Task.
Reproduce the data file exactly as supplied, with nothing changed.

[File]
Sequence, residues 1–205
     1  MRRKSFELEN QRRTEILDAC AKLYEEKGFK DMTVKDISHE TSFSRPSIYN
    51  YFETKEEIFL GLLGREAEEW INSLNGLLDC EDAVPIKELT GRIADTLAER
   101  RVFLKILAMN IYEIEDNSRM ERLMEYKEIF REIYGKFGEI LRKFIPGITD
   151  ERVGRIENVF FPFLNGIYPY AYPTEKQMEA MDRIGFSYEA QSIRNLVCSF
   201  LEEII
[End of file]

Sequence, residues 1–205
     1  MRRKSFELEN QRRTEILDAC AKLYEEKGFK DMTVKDISHE TSFSRPSIYN
    51  YFETKEEIFL GLLGREAEEW INSLNGLLDC EDAVPIKELT GRIADTLAER
   101  RVFLKILAMN IYEIEDNSRM ERLMEYKEIF REIYGKFGEI LRKFIPGITD
   151  ERVGRIENVF FPFLNGIYPY AYPTEKQMEA MDRIGFSYEA QSIRNLVCSF
   201  LEEII